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And stuff on the plot and emotional arc of the whole season, and putting my finger on what seemed…creepy to me.

Oh man!  After writing that, I figured out what creeped me about John and his role in the story in this episode!

You know how there’s all that meta about last season and how Sherlock is the object of the gaze?  You can find it all over blogs like Professorfangirl, but basically: while Sherlock isn’t framed in a feminine way in S2, he IS the focus of desire. We watch him being awesome. Covet him (theoretically), not because he’s hot (well, that too) but for his MIGHTY BRAINS. John watches Sherlock, and we watch Sherlock through John’s eyes.  And John frames Sherlock as the hero, consistently.  In his blog, in his life, in everything, Sherlock is the hero of John’s tale.  (With John occupying, in his own mind, an invaluable supporting role.  It seems to be where he likes to live.)

To sum up: In S2, Sherlock is both the object of the gaze and the subject of the narrative.

But in S3, we are looking mostly through Sherlock’s eyes—at John Watson. And Sherlock is still the subject of the narrative (both in his mind and in the actual narrative, which after all is named after him).  But now John is the object of the gaze.  And yet, he is still not the character with the narrative agency!  So he TOTALLY reads like the classic heroine/love interest, who is basically there to be the hero’s appendage—serving to be desired, rescued, and awarded to the hero at the end for a quest well completed.

This created a strange sense of passivity in John in HLV.  A sense of helplessness, not FROM John (who doesn’t see himself as helpless or vulnerable, except perhaps in that moment when he sees himself in the bonfire on CAM’s screen), but ABOUT him.  He does so very little, in this episode, aside from his glorious moment of BAMFery at the beginning.  For much of the story, even his wife has more agency than he does.

But it’s not just this episode; it’s this whole season!  Because, as we saw at the beginning of TEH, ‘prize’ is how Sherlock thinks of him!  Not consciously, I believe, but Sherlock stayed away and never told John a word, because ever since he overheard John’s wish at the grave, he had a narrative in his head of how he would swoop back in and dramatically answer John’s prayer, work a miracle for him and make him happy.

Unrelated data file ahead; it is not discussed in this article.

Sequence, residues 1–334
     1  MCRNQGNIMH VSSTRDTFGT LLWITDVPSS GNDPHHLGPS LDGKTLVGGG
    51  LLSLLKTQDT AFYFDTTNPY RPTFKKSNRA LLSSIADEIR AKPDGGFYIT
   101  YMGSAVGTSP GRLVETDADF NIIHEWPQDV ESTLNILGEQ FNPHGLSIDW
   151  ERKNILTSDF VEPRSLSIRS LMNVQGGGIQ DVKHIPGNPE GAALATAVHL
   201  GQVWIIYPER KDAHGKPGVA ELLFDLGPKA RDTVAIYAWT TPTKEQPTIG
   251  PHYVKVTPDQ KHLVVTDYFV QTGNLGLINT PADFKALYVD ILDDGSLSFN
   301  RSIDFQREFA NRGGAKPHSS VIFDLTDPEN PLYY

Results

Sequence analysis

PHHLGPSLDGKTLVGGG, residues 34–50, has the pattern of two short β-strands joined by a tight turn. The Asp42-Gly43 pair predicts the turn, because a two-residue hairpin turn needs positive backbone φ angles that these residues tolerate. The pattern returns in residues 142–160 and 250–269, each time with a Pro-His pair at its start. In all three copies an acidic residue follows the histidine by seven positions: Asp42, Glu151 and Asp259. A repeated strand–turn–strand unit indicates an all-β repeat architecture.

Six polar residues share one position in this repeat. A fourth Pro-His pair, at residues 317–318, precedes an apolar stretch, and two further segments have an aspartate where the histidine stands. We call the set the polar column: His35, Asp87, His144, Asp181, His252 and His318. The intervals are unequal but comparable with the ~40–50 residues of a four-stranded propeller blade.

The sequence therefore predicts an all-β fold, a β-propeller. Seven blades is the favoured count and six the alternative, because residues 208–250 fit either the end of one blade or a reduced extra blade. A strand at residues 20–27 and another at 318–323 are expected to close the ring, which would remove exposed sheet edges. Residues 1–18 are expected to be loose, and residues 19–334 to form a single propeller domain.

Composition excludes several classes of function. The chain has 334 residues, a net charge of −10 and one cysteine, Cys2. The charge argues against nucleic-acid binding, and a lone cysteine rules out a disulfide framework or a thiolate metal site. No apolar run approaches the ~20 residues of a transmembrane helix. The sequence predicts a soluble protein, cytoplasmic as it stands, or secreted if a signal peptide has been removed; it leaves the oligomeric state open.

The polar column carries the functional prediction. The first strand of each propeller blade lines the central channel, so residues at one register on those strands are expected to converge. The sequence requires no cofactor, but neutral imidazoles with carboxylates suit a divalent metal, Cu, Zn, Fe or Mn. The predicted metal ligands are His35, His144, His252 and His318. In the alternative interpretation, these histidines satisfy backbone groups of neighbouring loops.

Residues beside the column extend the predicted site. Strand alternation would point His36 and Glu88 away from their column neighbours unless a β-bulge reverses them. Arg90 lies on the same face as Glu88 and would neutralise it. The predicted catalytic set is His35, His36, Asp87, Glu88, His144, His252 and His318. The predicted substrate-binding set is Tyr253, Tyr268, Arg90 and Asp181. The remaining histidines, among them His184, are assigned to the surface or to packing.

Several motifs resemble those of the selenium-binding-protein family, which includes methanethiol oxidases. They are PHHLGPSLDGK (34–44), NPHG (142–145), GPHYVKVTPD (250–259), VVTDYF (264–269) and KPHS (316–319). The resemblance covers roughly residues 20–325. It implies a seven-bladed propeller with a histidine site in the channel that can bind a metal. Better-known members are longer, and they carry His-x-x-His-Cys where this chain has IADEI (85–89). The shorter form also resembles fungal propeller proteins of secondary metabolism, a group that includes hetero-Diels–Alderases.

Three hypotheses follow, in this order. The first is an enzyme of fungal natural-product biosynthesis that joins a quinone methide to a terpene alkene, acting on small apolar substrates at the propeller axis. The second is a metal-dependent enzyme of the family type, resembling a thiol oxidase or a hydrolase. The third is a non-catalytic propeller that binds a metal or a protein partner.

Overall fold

It was bullshit, of course, and he realized it as soon as he saw John’s face. But even though he realized he’d treated John like dirt and was very very sorry about that, I don’t think he got over his tendency to think of John as his…I’m not sure.  Belonging?  He seems to have a sense of John being an extension of him.  Almost forgets, sometimes, that John really is an entirely separate being.

And while subsuming John into Sherlock’s desires, goals and life is one way to express that, Sherlock subsuming himself into John’s (as we saw in TSOT) is another way.  What makes one of them happy makes both of them happy, because (somewhere in Sherlock’s mind) they are not in fact truly separate people.

Because things are About Sherlock. Even when he’s playing the martyred hero, he’s still doing it with a self-conscious awareness of his role as the protagonist.  Sherlock ALWAYS makes the story about him.  He is truly egocentric; he truly does see the world as revolving around his narrative. Which as you may remember, Moriarty understood and played into, with all his little fairy tale nods.  Sherlock sees everybody else as his supporting character (although he has developed somewhat more respect for them as the show goes on), and he treats them that way.

In fact you could push it to see CAM as a twisted reflection of Sherlock’s way of looking at the world.  For CAM, everyone is his toy.  His pet, just waiting to be claimed.

And what the creepy thing is, is that because Sherlock IS in fact the hero of the narrative and it IS in fact all about him, the narrative supports and reinforces this view.

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